In Tlingit and Haida cultures (indigenous peoples of the Pacific Northwest Coast of North America), Raven was both a trickster (a character in a story – god, goddess, spirit, human, or some combination – which exhibits high intellect or secret knowledge and uses it to play tricks or ignore conventional rules of behavior) and creator god (deity or god responsible for the creation of the earth, world, and universe).
Wolves & Ravens
Few mammals have symbiotic relationships with other animals. One exception is the raven and the wolf, causing ravens to sometimes be called “wolf-birds.” Their complex relationship is thousands of years old, benefiting both. It’s this relationship with wolves that has caused me to be more observant of ravens around me, and to revere them.
In The Wolf: The Ecology and Behavior of an Endangered Species (1981), Dr. L. David Mech wrote, “It appears that the wolf and the raven have reached an adjustment in their relationships such that each creature is rewarded in some way by the presence of the other and that each is fully aware of the other’s capabilities. Both species are extremely social, so they must possess the psychological mechanisms necessary for forming social attachments. Perhaps in some way individuals of each species have included members of the other in their social group and have formed bonds with them.”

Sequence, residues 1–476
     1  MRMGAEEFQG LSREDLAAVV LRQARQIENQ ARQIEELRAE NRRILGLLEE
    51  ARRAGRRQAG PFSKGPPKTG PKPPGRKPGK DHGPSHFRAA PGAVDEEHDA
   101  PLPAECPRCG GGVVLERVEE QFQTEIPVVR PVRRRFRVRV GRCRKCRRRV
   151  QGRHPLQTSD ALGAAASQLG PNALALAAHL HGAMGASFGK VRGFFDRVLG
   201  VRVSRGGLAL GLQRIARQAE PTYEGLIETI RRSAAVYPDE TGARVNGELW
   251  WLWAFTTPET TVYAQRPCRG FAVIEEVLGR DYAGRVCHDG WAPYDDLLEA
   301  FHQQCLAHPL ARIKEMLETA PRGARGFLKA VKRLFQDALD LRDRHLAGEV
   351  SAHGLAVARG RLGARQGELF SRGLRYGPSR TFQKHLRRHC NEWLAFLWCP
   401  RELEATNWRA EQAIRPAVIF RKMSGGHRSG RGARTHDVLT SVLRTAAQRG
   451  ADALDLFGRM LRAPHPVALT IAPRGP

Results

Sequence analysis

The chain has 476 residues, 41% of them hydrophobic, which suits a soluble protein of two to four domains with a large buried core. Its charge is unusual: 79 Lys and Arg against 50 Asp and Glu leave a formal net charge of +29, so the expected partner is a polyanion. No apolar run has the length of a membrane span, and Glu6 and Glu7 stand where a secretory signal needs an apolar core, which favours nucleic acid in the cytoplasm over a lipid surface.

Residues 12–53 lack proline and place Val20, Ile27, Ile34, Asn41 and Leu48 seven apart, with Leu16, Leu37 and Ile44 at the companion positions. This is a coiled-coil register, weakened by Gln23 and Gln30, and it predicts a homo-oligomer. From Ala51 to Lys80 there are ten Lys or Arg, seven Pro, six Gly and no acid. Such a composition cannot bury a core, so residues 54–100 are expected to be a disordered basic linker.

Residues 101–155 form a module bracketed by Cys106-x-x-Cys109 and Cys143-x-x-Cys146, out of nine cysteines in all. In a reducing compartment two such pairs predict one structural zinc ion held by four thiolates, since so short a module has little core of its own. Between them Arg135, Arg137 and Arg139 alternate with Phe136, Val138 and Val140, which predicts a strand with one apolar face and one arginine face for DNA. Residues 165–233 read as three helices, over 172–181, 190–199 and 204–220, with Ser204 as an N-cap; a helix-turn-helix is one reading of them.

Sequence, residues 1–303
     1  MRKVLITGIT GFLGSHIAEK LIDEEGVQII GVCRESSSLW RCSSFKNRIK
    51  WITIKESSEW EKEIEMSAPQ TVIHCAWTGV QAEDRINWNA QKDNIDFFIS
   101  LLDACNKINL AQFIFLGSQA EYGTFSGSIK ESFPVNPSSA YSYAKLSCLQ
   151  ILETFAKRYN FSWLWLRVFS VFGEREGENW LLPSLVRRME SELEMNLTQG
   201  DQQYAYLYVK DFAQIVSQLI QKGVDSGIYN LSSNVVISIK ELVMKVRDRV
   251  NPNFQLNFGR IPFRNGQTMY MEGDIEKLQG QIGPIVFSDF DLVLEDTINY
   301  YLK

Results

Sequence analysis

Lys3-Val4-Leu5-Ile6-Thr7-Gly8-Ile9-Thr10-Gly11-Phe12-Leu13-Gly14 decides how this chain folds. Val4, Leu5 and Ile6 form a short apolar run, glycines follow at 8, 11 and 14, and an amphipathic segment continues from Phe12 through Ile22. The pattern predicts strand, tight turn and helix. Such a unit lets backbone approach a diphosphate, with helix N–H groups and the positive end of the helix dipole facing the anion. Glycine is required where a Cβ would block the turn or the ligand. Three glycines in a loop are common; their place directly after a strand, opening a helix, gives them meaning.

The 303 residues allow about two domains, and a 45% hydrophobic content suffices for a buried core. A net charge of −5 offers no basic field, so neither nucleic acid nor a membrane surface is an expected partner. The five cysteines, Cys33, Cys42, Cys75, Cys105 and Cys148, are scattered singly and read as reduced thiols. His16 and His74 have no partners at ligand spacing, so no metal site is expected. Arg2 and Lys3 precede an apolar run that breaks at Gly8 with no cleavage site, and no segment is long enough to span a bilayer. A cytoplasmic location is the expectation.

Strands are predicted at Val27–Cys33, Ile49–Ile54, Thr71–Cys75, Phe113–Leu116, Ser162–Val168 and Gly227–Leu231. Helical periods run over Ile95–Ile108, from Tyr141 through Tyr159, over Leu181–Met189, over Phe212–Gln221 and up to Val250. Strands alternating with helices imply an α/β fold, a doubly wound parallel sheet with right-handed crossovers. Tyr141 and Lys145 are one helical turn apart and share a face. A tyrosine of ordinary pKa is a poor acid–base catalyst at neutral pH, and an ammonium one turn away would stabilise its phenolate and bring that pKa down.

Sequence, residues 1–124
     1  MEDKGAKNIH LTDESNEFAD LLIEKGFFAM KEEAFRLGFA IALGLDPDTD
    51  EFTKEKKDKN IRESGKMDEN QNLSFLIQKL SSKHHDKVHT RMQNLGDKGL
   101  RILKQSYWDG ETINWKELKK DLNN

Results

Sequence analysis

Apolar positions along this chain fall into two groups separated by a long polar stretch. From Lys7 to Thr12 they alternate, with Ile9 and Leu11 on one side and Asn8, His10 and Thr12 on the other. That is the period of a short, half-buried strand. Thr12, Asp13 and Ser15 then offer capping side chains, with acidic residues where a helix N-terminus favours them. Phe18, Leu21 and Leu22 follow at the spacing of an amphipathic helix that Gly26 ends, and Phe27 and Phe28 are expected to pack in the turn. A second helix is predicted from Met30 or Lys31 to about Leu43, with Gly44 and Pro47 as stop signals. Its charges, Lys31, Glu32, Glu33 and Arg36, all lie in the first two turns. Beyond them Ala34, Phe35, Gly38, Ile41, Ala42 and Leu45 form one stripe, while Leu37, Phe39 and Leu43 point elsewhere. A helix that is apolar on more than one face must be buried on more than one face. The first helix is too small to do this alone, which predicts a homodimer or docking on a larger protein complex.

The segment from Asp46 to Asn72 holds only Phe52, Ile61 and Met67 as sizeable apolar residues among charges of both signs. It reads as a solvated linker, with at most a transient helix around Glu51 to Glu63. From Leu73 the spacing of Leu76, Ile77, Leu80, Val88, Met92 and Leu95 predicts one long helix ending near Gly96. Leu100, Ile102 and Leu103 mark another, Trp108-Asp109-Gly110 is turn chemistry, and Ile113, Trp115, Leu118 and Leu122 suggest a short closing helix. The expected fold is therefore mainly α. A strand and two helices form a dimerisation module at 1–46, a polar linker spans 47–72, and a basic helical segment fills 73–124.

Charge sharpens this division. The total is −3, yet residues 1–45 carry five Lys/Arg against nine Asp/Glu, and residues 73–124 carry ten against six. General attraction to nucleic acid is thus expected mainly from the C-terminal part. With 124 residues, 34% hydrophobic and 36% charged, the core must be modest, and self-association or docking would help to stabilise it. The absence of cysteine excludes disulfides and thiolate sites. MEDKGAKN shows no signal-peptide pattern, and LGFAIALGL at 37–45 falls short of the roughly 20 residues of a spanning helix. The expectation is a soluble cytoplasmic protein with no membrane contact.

In Of Wolves and Men (1979), Barry Lopez explored the long and mostly dark history of man’s relationship with wolves. He also wrote about wolves’ resilience, strong family ties, intelligence and playfulness. “The wolf seems to have few relationships with other animals that could be termed purely social, though he apparently takes pleasure in the company of ravens. The raven, with a range almost as extensive as the wolf’s, one that even includes the tundra, commonly follows hunting wolves to feed on the remains of a kill.”
Ravens follow wolves to grab leftovers from the hunt, but also to tease them. They play with the wolves by diving at them to get a reaction, even pecking their tails to try to get the wolves to chase them. Wolf pups often reciprocate the ravens’ efforts by chasing them. The ravens’ play style isn’t all that different than that of the wolf pups, who nip each other’s tails and legs to start a game of chase. Over the thousands of years they’ve co-existed, ravens and wolves have learned to trust and rely upon each other. The ravens, as intelligent as they are, seem to have observed wolf behavior – play style, in particular – and figured out how to engage with wolves in a way that nurtures and promotes their symbiotic relationship. Smart move.
On a practical level, in Mind of the Raven: Investigations and Adventures with Wolf-Birds (2007), zoologist Bernd Heinrich has suggested a basis for the relationship between ravens and wolves is that ravens lead wolves to their prey, alert them to approaching dangers while they eat, and are rewarded by sharing the spoils after the wolves make the meat accessible for the ravens.